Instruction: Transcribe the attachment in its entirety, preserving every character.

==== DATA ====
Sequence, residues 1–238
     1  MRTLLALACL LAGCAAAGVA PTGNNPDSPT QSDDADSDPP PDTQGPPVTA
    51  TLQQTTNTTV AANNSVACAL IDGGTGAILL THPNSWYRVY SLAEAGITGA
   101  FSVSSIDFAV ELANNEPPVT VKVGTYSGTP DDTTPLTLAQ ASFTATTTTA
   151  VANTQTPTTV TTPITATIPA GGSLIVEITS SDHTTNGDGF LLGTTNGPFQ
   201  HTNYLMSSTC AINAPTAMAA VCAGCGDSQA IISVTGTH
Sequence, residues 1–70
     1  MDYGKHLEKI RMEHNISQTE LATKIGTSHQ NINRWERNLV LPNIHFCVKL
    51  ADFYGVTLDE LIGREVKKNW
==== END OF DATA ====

Sequence, residues 1–238
     1  MRTLLALACL LAGCAAAGVA PTGNNPDSPT QSDDADSDPP PDTQGPPVTA
    51  TLQQTTNTTV AANNSVACAL IDGGTGAILL THPNSWYRVY SLAEAGITGA
   101  FSVSSIDFAV ELANNEPPVT VKVGTYSGTP DDTTPLTLAQ ASFTATTTTA
   151  VANTQTPTTV TTPITATIPA GGSLIVEITS SDHTTNGDGF LLGTTNGPFQ
   201  HTNYLMSSTC AINAPTAMAA VCAGCGDSQA IISVTGTH
Sequence, residues 1–70
     1  MDYGKHLEKI RMEHNISQTE LATKIGTSHQ NINRWERNLV LPNIHFCVKL
    51  ADFYGVTLDE LIGREVKKNW